The comprehensive description of web-based recruitment strategies and data collection methods are other areas where we identified the need for guideline items. Our previously published CHERRIES guideline for reporting web-based surveys [12] may provide additional guidance and may be seen as a supplement to subitem 6a-i, which deals with the common case where outcomes were collected through online questionnaires.

There is a regrettable trend to split reports of randomized trials into “least publishable units”, for example, to publish one paper with the results of the primary RCT outcomes, another paper with usage results, and another paper with a qualitative analysis of participant feedback. At JMIR, we have a strict policy against “salami publication”, a practice that limits the ability of the reader to interpret the overall findings, and will consider such multipart papers only in exceptional circumstances, and preferably when the reports are submitted together and published in the same journal issue. An in-depth qualitative evaluation may justify a separate paper, but a few CONSORT-EHEALTH items (6a-iii and 19-ii) remind authors that some qualitative analysis should be part of any eHealth evaluation report, in particular if nonuse of the application or potential harmful effects were observed, which should shift the focus of the report to the question why these results occurred.

Finally, in order to enhance retrievability (findability) of these kinds of studies in PubMed and other bibliographic databases, we also suggest preferred terms to be used in article titles and abstracts (e.g. “web-based intervention” or “mobile intervention”). These recommendations are based on an analysis of the prevalence of terms used in current studies.

Table 2. Subitems expanding CONSORT item 5 (description of intervention)
Subitem Importance
i) Mention names, credential, affiliations of the developers, sponsors, and owners [15] (if authors/evaluators are owners or developer of the software, this needs to be declared in a “Conflict of interest” section). Highly Recommended
ii) Describe the history/development process of the application and previous formative evaluations (e.g., focus groups, usability testing), as these will have an impact on adoption/use rates and help with interpreting results. Highly Recommended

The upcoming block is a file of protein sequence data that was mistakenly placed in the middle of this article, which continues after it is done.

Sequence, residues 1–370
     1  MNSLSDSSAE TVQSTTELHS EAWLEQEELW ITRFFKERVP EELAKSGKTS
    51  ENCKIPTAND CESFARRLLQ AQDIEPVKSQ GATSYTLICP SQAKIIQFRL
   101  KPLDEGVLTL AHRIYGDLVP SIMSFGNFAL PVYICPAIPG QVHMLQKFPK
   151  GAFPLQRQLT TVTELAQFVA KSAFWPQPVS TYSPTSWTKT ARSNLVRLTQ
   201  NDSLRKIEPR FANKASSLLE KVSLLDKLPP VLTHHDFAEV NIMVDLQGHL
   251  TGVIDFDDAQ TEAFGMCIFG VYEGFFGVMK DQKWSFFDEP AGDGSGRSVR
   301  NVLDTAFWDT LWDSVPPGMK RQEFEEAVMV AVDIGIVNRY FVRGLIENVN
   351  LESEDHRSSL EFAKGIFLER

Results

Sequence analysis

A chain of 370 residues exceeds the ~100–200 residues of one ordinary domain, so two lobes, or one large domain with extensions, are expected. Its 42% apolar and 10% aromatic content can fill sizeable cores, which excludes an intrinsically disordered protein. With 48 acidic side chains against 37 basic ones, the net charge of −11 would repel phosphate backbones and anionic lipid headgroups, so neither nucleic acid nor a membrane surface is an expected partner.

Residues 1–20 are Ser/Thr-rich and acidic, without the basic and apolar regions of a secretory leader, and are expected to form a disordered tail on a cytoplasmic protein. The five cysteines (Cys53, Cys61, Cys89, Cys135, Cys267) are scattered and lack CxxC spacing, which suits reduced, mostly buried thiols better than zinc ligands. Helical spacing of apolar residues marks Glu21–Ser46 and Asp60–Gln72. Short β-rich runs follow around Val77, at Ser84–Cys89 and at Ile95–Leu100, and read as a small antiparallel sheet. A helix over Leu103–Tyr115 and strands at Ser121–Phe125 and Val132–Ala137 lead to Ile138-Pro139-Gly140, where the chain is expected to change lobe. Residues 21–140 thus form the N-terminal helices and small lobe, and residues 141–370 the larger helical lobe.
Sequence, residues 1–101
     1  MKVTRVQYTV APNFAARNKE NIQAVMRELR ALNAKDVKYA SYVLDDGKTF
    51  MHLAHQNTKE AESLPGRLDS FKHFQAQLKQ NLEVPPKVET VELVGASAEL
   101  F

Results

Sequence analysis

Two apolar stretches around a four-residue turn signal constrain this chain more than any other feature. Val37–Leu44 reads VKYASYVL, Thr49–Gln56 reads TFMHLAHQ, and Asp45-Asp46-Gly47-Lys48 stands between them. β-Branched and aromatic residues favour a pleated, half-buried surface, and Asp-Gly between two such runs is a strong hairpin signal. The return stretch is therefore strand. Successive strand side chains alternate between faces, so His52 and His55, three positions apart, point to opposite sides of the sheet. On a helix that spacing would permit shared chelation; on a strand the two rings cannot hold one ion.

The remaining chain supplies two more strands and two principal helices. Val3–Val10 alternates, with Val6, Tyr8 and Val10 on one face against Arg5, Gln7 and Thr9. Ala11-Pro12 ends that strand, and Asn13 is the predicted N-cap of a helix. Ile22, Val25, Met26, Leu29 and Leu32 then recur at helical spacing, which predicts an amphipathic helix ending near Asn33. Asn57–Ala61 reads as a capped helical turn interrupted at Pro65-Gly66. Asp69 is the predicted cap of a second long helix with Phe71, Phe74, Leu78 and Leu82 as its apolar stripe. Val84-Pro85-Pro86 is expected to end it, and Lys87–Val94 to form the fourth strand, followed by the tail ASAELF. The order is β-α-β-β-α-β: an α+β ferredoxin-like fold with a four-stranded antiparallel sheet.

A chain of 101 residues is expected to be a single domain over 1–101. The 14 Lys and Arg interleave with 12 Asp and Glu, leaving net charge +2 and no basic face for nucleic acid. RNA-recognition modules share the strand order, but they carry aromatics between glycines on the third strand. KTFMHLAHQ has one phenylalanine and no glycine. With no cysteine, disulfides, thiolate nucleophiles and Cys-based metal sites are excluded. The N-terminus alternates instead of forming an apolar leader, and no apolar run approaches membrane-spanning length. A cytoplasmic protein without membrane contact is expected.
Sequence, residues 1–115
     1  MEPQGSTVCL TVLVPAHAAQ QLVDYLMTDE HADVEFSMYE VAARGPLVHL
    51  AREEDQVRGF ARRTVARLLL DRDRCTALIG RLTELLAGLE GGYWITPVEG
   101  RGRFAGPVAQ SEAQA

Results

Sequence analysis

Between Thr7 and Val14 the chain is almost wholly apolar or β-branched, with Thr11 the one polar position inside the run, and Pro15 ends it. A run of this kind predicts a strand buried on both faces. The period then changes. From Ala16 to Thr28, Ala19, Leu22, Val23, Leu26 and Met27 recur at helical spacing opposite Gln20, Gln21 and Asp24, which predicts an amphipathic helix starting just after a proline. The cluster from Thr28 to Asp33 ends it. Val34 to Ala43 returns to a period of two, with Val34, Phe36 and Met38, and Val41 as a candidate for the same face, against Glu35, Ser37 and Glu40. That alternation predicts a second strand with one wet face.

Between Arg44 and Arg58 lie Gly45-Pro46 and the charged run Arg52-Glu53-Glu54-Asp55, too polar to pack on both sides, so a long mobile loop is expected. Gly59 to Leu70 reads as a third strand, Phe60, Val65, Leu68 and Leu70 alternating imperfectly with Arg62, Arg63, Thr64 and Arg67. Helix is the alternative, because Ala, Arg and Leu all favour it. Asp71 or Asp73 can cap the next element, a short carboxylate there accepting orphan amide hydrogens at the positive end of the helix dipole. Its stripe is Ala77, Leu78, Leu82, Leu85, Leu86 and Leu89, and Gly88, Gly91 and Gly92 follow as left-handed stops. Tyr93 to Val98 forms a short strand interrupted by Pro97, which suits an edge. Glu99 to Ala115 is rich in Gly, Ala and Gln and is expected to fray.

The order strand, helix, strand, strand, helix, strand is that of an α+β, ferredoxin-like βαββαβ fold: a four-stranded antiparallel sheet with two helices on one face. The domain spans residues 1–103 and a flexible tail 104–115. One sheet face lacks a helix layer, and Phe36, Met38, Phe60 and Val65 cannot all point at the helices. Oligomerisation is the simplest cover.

iii) Revisions and updating. Clearly mention the date and/or version number of the application/intervention (and comparator, if applicable) evaluated, or describe whether the intervention underwent major changes during the evaluation process, or whether the development and/or content was “frozen” during the trial. Describe dynamic components such as news feeds or changing content which may have an impact on the replicability of the intervention (for unexpected events see item 3b). Highly Recommended
iv) Provide information on quality assurance methods to ensure accuracy and quality of information provided [13], if applicable.
Highly Recommended
v) Ensure replicability by publishing the source code (preferably as open source), and/or providing screenshots/screen-capture video, and/or providing flowcharts of the algorithms used. Replicability (i.e., other researchers should in principle be able to replicate the study) is a hallmark of scientific reporting. Highly Recommended
vi) Digital preservation: Provide the URL of the application, but as the intervention is likely to change or disappear over the course of the years, also make sure the intervention is archived (Internet Archive,, and/or publishing the source code or screenshots/videos alongside the article). As pages behind login screens cannot be archived, consider creating demo pages which are accessible without login. Highly Recommended
vii) Access: Describe how participants accessed the application, in what setting/context, if they had to pay (or were paid) or not, whether they had to be a member of specific group. If known, describe how participants obtained “access to the platform and Internet” [13]. To ensure access for editors/reviewers/readers, consider providing a “backdoor” login account or demo mode for reviewers/readers to explore the application (also important for archiving purposes, see vi). Essential
viii) Describe mode of delivery, features/functionalities/components of the intervention and comparator, and the theoretical framework [6] used to design them (instructional strategy [13], behavior change techniques, persuasive features, etc., see e.g., [17, 18] for terminology). This includes an in-depth description of the content (including where it is coming from and who developed it) [13], “whether [and how] it is tailored to individual circumstances and allows users to track their progress and receive feedback” [15]. This also includes a description of communication delivery channels and – if computer-mediated communication is a component – whether communication was synchronous or asynchronous [15]. It also includes information on presentation strategies [13], including page design principles, average amount of text on pages, presence of hyperlinks to other resources etc. [13]. Essential